{
      string connStr = ConfigurationManager.ConnectionStrings["SqlServer"].ConnectionString;

      sessionFactory = Fluently.Configure().
        Database(MsSqlConfiguration.MsSql2005.ConnectionString(connStr)).
        ExposeConfiguration(c => c.Properties.Add("hbm2ddl.keywords", "none")).
        Mappings(m => m.FluentMappings.AddFromAssemblyOf<MvcApplication>()).
        BuildSessionFactory();
    }

    public static ISession OpenSession()
    {
      if (sessionFactory == null)
        lock(lockObj)
          if (sessionFactory == null)
            BuildSessionFactory();

      return sessionFactory.OpenSession();
    }
  }
}

And this is registered with Ninject like so:

Bind<ISession>().ToMethod(x => SessionFactoryProvider.OpenSession()).InRequestScope();

Next, a simple user class, mapping (I’m using FluentNhibernate here to do the mapping) and repository (all in one place for brevity):

namespace DITest
{
  public class User
  {
    public virtual int Id { get; set; }
    public virtual string Name { get; set; }
    public virtual int Age { get; set; }
  }

  public class UserMap : ClassMap<User>
  {
    public UserMap()
    {
      Id(c => c.Id);
      Map(c => c.Name);
      Map(c => c.Age);
    }
  }

  public class UserRepository
  {
    ISession session;
    private IQueryable<User> Users
    {
      get { return session.Query<User>(); }
    }

    public UserRepository(ISession session)
    {
      this.session = session;
    }

    public IList<User> GetUsers()
    {
      using (session.BeginTransaction())
      {
        var query = from c in Users select c;
        return query.ToList();
      }
    }
  }
}

Finally, updated the controller to pull some information from the database:

  public class HomeController : Controller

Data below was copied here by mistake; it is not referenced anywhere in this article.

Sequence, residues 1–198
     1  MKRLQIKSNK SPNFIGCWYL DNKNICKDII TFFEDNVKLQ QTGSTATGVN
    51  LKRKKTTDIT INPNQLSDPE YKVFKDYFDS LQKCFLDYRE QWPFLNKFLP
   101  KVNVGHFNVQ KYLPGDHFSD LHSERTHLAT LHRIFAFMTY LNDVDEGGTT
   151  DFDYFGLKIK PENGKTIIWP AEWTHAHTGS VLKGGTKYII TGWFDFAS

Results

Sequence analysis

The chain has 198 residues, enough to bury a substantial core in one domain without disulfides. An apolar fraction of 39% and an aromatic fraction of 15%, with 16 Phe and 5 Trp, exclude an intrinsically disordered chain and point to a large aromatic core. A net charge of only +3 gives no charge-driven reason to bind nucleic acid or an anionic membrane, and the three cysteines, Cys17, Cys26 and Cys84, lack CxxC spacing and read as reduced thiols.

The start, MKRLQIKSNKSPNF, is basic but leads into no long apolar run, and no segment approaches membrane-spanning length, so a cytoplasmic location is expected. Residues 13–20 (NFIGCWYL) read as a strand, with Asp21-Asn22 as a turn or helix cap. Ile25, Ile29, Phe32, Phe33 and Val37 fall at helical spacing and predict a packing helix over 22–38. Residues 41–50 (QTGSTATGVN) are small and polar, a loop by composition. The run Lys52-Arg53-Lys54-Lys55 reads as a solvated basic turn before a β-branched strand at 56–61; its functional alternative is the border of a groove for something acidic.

{
    UserRepository repo;
    public HomeController(UserRepository userRepo)
    {
      repo = userRepo;
    }

    public ActionResult Index()
    {
      ViewBag.Users = repo.GetUsers();
      return View();
    }
  }

To verify this was all working correctly and the session is being closed properly, I setup logging to log debug information, which churns out tons of useful information:

<logger name="NHibernate" additivity="false">
  <level value="DEBUG"/>
  <appender-ref ref="rollingFile" />
</logger>

<logger name="NHibernate.SQL" additivity="false">
  <level value="DEBUG"/>
  <appender-ref ref="rollingFile" />
</logger>

Then after running up the page and doing a request, we can look at the generated log and see what’s been happening:

14/07/11 12:42:50 DEBUG [session-id=6bf6823c-44d1-4a15-888e-c858a9212024] opened session at timestamp: 634462405708, for session factory: [/b9e13234ae244e18b7f2ce1923c58e48]
14/07/11 12:42:50 DEBUG Begin (Unspecified)
14/07/11 12:42:50 DEBUG Obtaining IDbConnection from Driver
...//edited for brevity
14/07/11 12:42:50 DEBUG IDbTransaction disposed.
14/07/11 12:42:50 DEBUG transaction completion
14/07/11 12:42:50 DEBUG aggressively releasing database connection
14/07/11 12:42:50 DEBUG Closing connection
14/07/11 12:42:50 DEBUG [session-id=6bf6823c-44d1-4a15-888e-c858a9212024] running ISession.Dispose()
14/07/11 12:42:50 DEBUG [session-id=6bf6823c-44d1-4a15-888e-c858a9212024] executing real Dispose(True)
14/07/11 12:42:50 DEBUG closing session
14/07/11 12:42:50 DEBUG running BatcherImpl.Dispose(true)

I’ve cut out a lot of the logging that just details queries are happening so that we can see what we care about; that the session is being closed properly after the requests have happened, and not before!

Summary

We looked at the various types of activation behaviour that Ninject supports, delved deeper into RequestBehaviour and verified that it is in fact doing what it says on the tin, and then saw how this is useful when working with MVC and NHibernate.

So now we have an NHibernate session that will last for the duration of a request. What would be really useful now is some concept of a unit of work, to allow multiple Nhibernate requests to be batched into a single transaction. Stay tuned!